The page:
Writing in the Feminine: Feminism and Experimental Writing in Quebec

Writing in the Feminine: Feminism and Experimental Writing in Quebec

Writing in the Feminine: Feminism and Experimental Writing in Quebec

Writing in the Feminine: Feminism and Experimental Writing in Quebec


Here is a celebration and an analysis of four Québécois feminist rebels whose self-conscious revolt against language has put them at the forefront of experimental writing in Quebec. These women- Nicole Brossard, Madeleine Gagnon, Louky Bersianik, and France Theoret- are attempting to explode male-dominated language and to construct a new language and literature of women.

In this first major study of their work in English, Karen Gould examines in depth these women's literary visions and the new ways in which they communicate those visions. Gould broadens her book's appeal by showing how these four women's works, in modern forms of experimental literature, are shaped not only by Quebec feminism, politics, and culture but by American and French influences as well.


--There has to be somewhere else, I tell myself. and everyone knows that to go somewhere else there are routes, signs, "maps"--for an exploration, a trip.

--That's what books are. Everyone knows that a place exists which is not economically or politically indebted to all the vileness and compromise. That is not obliged to reproduce the system. That is writing. If there is a somewhere else that can escape the infernal repetition, it lies in that direction, where it writes itself, where it dreams, where it invents new worlds.

Hélène Cixous, The Newly Born Woman

To write: I am a woman is full of consequences.

Nicole Brossard, L'Amér ou le chapitre éffrité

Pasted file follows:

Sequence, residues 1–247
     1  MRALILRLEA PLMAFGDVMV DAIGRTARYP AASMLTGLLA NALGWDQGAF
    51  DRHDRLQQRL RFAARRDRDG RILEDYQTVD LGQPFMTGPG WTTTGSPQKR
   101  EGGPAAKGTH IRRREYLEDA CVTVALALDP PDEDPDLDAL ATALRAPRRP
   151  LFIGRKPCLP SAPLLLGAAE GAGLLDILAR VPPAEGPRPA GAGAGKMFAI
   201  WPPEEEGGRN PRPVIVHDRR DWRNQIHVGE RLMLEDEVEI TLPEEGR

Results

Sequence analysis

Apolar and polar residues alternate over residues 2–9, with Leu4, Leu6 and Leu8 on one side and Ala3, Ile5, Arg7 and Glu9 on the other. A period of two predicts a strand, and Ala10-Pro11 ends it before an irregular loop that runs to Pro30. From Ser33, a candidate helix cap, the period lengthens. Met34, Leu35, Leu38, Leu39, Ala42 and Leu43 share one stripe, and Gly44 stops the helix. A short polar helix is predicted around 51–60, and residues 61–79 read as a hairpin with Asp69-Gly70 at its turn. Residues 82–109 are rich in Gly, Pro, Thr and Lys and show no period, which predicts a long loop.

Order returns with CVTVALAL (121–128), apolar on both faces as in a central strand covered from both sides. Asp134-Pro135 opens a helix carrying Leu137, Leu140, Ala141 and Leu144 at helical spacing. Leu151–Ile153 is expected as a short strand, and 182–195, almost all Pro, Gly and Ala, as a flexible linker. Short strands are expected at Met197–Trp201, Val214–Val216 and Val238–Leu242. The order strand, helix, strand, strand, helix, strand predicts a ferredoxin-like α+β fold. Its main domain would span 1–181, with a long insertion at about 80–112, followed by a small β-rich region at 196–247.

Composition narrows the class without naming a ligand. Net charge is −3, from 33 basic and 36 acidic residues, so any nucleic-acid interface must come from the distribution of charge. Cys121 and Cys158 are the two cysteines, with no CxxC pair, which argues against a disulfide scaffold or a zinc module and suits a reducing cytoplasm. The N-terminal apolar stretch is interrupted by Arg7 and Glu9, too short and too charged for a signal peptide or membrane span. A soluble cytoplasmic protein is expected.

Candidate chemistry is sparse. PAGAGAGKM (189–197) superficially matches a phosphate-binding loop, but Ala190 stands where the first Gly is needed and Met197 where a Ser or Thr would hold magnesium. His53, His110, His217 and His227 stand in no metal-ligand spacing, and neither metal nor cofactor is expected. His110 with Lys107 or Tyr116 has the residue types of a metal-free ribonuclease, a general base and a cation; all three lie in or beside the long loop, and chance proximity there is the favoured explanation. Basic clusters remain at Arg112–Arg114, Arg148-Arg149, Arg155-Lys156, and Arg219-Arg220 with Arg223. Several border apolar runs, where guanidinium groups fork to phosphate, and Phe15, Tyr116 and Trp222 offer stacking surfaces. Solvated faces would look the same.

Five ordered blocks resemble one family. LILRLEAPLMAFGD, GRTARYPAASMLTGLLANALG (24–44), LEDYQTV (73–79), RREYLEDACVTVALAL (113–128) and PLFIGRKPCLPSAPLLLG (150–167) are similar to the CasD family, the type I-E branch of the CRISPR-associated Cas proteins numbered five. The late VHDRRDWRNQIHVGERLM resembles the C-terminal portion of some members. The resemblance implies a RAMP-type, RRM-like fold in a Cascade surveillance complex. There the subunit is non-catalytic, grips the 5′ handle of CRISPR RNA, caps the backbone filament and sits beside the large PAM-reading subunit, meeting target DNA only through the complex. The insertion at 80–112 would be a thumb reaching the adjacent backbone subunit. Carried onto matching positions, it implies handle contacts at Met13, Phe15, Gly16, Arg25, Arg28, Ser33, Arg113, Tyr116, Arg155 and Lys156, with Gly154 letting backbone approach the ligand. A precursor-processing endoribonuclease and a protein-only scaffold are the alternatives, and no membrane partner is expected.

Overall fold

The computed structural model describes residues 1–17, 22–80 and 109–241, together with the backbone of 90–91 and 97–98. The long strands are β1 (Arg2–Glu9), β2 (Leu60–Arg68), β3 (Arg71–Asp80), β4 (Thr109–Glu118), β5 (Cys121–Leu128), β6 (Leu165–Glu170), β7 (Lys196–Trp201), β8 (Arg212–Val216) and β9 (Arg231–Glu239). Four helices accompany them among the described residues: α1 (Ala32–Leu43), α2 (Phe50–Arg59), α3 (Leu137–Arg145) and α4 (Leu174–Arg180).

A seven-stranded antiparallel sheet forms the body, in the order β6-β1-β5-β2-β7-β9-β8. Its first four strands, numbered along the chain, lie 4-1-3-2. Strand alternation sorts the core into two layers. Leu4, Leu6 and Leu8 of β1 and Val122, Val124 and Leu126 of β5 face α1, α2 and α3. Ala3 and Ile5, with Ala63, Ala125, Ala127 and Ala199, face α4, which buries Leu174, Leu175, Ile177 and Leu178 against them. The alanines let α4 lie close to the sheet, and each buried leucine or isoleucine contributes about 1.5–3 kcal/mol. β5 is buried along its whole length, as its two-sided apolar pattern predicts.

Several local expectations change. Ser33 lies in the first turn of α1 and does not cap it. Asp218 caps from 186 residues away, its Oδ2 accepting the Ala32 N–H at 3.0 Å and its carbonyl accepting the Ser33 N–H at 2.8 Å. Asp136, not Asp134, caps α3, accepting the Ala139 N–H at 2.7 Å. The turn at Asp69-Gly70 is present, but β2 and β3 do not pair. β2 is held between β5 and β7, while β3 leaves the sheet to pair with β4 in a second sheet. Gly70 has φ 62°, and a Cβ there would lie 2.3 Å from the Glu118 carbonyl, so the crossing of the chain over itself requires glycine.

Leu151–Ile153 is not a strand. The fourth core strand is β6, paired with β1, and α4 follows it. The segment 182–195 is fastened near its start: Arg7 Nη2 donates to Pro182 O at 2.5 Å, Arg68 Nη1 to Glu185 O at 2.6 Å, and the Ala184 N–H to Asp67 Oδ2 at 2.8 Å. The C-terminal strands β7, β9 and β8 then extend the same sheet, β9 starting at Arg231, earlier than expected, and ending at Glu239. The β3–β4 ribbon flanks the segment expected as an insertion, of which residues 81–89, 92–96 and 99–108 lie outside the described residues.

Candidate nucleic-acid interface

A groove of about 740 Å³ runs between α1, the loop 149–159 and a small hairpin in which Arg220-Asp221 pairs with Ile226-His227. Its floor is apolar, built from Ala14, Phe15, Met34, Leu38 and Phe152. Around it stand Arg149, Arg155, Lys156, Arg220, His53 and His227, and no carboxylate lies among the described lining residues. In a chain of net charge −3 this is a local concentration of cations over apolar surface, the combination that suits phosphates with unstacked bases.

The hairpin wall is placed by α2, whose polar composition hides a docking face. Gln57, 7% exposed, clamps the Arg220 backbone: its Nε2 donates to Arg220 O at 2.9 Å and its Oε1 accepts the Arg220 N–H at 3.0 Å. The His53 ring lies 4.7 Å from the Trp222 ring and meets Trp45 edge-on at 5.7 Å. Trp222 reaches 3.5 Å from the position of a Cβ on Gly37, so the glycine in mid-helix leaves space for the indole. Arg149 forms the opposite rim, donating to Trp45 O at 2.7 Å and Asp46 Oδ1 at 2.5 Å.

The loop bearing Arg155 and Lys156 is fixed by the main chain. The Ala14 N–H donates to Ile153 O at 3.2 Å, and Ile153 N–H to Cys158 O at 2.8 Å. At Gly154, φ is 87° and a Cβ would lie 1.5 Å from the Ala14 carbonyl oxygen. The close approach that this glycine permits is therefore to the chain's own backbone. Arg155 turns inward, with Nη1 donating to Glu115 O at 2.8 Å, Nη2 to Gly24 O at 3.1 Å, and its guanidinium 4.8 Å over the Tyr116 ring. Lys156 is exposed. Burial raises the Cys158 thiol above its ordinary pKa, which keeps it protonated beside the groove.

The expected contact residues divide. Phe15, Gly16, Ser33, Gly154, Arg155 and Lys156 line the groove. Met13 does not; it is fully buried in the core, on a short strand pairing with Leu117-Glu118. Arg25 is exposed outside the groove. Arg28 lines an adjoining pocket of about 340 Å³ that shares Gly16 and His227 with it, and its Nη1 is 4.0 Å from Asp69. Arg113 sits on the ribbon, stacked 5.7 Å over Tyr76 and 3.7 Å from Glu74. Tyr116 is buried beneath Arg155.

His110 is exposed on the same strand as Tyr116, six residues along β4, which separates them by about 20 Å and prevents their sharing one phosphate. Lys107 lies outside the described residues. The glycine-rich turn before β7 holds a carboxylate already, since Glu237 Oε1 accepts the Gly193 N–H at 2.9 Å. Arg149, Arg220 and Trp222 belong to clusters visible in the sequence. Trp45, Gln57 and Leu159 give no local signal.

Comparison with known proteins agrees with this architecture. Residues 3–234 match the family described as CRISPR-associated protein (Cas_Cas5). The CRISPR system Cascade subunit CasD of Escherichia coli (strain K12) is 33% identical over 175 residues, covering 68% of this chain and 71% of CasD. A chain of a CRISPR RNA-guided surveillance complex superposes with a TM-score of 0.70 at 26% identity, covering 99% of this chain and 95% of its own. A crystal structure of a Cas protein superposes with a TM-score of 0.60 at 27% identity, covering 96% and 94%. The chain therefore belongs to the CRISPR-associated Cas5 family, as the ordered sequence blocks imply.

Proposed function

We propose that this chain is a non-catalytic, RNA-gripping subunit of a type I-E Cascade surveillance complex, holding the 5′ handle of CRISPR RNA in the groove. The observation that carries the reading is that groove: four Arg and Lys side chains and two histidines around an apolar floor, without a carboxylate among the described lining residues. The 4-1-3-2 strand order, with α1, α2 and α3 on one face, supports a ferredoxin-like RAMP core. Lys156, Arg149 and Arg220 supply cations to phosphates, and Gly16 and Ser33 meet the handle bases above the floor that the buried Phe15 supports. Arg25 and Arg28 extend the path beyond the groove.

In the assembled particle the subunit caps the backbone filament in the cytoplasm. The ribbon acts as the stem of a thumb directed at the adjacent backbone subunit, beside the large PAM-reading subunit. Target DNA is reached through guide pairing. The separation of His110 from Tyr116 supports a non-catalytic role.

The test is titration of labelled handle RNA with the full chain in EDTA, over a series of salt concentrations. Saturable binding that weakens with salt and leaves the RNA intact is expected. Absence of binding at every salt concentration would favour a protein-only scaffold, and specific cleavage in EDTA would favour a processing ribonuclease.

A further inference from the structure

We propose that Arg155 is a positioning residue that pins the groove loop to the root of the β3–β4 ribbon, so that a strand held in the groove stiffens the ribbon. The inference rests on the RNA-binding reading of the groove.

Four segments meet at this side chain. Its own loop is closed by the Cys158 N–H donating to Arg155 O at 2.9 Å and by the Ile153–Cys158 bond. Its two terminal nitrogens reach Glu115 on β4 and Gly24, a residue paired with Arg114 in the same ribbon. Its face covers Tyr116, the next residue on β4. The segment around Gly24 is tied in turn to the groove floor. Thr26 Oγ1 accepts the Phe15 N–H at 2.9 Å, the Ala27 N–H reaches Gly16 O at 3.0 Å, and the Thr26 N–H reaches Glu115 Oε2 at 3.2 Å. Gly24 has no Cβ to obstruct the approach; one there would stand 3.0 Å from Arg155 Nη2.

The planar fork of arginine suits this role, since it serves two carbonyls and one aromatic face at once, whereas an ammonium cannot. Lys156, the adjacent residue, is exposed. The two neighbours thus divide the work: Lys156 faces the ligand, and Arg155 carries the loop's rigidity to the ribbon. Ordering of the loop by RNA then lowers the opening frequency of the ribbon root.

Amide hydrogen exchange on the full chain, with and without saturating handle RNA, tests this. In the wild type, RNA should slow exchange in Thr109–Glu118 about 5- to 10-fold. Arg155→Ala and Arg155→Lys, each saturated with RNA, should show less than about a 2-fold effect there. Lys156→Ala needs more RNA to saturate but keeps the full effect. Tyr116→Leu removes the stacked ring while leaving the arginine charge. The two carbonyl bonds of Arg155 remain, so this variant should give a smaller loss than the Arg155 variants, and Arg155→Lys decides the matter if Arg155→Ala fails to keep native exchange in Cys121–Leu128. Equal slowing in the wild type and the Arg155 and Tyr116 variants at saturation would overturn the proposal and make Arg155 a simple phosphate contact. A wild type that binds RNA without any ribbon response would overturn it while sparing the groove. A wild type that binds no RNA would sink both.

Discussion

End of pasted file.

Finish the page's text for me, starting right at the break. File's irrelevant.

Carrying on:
This book is the result of what began as a general interest in Quebec culture and politics well over a decade ago, toward the end of those turbulent years of indépendence fever that rocked the political structures of the province of Quebec and for a time the Canadian federation as well. the cultural upheaval that took place in Quebec during the 1960s and early 1970s sparked the interest of a number of American academics like myself and, in my own case, also led rather unexpectedly to an appreciation of the literature of the period. in terms of the focus of this study, the radical questioning of traditional values initiated during the 1960s and the discourse of decolonization that often accompanied it have inspired a number of the directions taken by the women writers discussed here. As numerous critics have already demonstrated, Quebec nationalism exerted a strong and lingering influence on many Quebec writers during the cultural revolution of the 1960s and seriously marked the works of writers as diverse as Hubert Aquin, Paul Chamberland . . .

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